If you're here, that means you're keen to understand the best foods to support both you and your bub during this transformative journey.
We have partnered with Registered Nutritionist, Dr. Courtney Thompson, to give you a science-based overview of what to eat when pregnant so you give your body everything it needs to thrive.
Rather than focus on what NOT to eat, Courtney has shared 4 key food categories to focus on to cover all the vital nutrients for your pre-natal journey. Let’s dive right in!
Leafy greens and grains
Leafy greens like spinach, kale and breads, cereals, quinoa and rice (preferably wholegrains!) are a primary source of folate. Folate is a B-vitamin that is particularly important for growth and formation of your baby’s neural tube (cells that go on to form the brain and spinal cord). This happens early on in your pregnancy, so making sure you’re having enough folate at this early stage is important – folate is a pretty essential nutrient!
*Did you know that in Australia, millers are required to add folic acid (which is a form of folate) to wheat flour, and only use iodised salt? That means breads, rolls, buns, bagels, focaccia’s, English muffins, flat breads and even flour mixes have folic acid and iodine, which is good for your baby’s brain development - I know I don’t need another reason to eat more of these delicious foods!*
Meat, chicken, legumes and beans
These foods are packed with protein and iron. It's not just about building muscle - during pregnancy, protein forms essential new tissues for your little one. Meanwhile, iron ensures a healthy red blood cell formation for both you and your baby.
A quick tip for my plant-based mums: If you're deriving your iron from plant sources, make sure you pair it with Vitamin C-rich foods (think red and orange fruits and vegetables like oranges, tomatoes and capsicum). Why? It boosts iron absorption!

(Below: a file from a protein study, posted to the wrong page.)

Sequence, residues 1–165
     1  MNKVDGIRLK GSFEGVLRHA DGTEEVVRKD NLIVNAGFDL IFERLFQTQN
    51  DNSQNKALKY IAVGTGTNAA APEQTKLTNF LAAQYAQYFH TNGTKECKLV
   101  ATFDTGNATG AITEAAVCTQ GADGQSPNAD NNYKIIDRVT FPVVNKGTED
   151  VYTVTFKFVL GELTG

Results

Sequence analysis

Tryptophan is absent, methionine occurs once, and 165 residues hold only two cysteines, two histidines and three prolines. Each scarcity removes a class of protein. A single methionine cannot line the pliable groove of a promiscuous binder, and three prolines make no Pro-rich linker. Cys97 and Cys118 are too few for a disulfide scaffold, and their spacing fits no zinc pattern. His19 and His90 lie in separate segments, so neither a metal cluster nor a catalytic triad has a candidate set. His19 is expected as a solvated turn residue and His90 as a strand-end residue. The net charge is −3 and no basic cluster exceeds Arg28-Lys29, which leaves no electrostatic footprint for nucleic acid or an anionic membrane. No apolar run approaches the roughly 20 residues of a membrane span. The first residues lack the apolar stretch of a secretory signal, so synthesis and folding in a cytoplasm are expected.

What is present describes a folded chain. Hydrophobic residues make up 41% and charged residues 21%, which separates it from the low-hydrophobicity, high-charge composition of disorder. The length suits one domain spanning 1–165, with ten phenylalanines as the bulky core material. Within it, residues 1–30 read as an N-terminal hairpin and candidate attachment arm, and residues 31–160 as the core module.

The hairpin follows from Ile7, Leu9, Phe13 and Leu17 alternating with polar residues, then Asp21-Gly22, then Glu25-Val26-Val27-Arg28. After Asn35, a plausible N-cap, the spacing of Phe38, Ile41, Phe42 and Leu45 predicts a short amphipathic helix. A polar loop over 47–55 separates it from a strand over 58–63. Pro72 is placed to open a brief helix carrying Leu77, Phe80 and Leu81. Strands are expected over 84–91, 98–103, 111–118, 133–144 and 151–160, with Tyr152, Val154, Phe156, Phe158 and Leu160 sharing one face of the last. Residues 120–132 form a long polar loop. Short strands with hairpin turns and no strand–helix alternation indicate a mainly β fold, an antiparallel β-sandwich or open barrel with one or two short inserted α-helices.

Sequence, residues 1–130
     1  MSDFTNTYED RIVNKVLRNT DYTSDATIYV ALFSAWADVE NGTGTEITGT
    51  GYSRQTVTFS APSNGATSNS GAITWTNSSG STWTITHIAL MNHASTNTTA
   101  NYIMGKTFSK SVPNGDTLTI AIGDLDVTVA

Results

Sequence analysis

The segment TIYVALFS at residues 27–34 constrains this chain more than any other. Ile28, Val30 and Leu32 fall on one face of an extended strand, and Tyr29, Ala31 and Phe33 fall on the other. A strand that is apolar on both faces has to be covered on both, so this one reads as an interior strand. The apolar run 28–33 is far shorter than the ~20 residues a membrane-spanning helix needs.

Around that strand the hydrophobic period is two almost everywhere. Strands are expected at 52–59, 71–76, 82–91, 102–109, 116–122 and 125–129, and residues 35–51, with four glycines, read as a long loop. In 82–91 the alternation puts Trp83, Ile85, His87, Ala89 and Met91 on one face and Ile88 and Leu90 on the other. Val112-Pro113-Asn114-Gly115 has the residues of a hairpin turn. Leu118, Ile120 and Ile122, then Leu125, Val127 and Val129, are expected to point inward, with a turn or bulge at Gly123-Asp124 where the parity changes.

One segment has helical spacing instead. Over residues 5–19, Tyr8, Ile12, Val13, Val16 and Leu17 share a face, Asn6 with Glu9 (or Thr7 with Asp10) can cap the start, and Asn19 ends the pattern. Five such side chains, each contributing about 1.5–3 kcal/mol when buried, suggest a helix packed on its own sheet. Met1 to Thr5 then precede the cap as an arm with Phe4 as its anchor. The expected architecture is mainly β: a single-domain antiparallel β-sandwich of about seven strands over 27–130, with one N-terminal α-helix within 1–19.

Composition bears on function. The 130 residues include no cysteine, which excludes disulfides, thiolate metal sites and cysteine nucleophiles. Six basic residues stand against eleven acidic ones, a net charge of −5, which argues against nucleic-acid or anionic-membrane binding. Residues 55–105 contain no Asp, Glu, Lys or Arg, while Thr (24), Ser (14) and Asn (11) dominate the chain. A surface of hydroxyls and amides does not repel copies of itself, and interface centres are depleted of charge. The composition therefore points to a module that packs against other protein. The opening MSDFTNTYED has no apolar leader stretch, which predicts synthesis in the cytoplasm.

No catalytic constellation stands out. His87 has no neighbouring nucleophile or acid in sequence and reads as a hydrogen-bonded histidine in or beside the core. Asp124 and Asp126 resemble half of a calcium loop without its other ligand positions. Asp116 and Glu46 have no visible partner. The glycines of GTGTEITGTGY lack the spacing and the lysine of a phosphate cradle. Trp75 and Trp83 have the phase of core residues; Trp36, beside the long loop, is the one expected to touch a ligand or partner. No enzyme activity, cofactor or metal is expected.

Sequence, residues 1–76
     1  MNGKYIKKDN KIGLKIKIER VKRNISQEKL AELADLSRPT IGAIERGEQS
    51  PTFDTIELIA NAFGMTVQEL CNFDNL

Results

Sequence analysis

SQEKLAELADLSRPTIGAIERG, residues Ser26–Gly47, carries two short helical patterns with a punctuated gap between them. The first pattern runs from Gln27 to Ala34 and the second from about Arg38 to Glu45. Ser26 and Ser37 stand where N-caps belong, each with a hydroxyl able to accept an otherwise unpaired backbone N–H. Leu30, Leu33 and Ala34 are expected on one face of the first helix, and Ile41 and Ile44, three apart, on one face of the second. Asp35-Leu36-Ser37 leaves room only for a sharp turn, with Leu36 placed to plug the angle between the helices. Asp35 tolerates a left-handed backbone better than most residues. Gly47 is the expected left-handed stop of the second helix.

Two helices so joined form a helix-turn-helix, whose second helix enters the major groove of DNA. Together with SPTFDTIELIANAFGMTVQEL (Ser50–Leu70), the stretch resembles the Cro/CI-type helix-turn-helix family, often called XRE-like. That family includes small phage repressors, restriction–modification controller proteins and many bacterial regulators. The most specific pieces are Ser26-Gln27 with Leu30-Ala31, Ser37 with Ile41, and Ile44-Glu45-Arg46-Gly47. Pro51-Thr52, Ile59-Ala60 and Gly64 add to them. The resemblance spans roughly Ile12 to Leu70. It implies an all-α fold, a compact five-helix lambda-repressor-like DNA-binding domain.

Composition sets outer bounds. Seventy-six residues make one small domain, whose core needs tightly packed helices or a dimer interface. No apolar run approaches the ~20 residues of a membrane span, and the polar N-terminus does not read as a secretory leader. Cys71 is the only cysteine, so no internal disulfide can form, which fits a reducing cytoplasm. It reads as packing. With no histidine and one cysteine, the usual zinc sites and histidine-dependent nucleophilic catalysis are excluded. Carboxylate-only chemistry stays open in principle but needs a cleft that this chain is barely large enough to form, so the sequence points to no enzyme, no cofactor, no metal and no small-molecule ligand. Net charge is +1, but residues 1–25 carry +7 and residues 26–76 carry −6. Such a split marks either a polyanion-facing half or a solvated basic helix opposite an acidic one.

Dairy (or its fortified, plant-based alternatives!)
You're building a tiny human with tiny bones - and for that, you need calcium! Calcium helps to lay the foundation for your baby's healthy skeletal structure.
If you’re a dairy lover, load up your folate-fortified breakfast cereal with milk (hitting two key points here!) or you can opt for yoghurt or hard cheese as a snack.
If you’re a plant-based enthusiast: Ensure you're getting at least 100mg of calcium per 100mL in your soy, almond or oat alternatives.
Fish is full of essential nutrients. It contains Vitamin D, Omega-3 fats, and iodine which are crucial for your baby's brain, nerve, cognitive and visual development. In addition, it has been associated with preventing pre-term labour, lowering the risk pre-eclampsia and preventing perinatal depression.
Oily fish such as tuna, salmon or trout are great sources of these nutrients. Don’t forget, you can opt for tinned or frozen varieties too if you prefer!
The right pre-natal nutrition is important – but don’t be too hard on yourself mum! Your body is working round-the-clock to nurture another human being, and combined with morning sickness, cravings and changes in hormones, you’ve got a lot going on!
Remember to look after yourself and eat foods that nourish your soul too.
Want to tick off some key nutrients?
Try Dr. Courtney Thompson’s One Pan Easy Chicken Curry recipe:
Ingredients -1 tbsp extra virgin olive oil -1/2 onion, finely chopped -500g chicken thighs, sliced into 2 3cm cubes -2 tbsp red curry paste -1 x 400g can lite coconut milk -1 tin chickpeas, rinsed and drained -1 small bag spinach (around 60g) -Squeeze of lime juice
To serve -Steamed white rice -Red chilli, finely sliced -Lime wedges -Coriander leaves
Heat oil in a large frying pan over medium heat. Add onion and cook for 2 3 minutes or until soft.
Add chicken and brown. Stir through curry paste until chicken is well coated, then add coconut milk and simmer for 20 minutes or until sauce has thickened.
Stir through chickpeas and spinach and heat until spinach has wilted. Remove from heat and stir through lime juice.
Serve with steamed rice, lime wedges, chilli and coriander.
BONUS – Want to tick off a few more nutrition points here? Swap the steamed white rice for brown rice and serve with a dollop of Greek yoghurt!
If you’re interested in more nutritious recipes like this, then you can join the waitlist for Dr. Courtney Thompson’s Recipe Revolution, the healthy, dietitian and nutritionist-approved recipe subscription.
Prefer your new-mum kitchen adventures hands-free?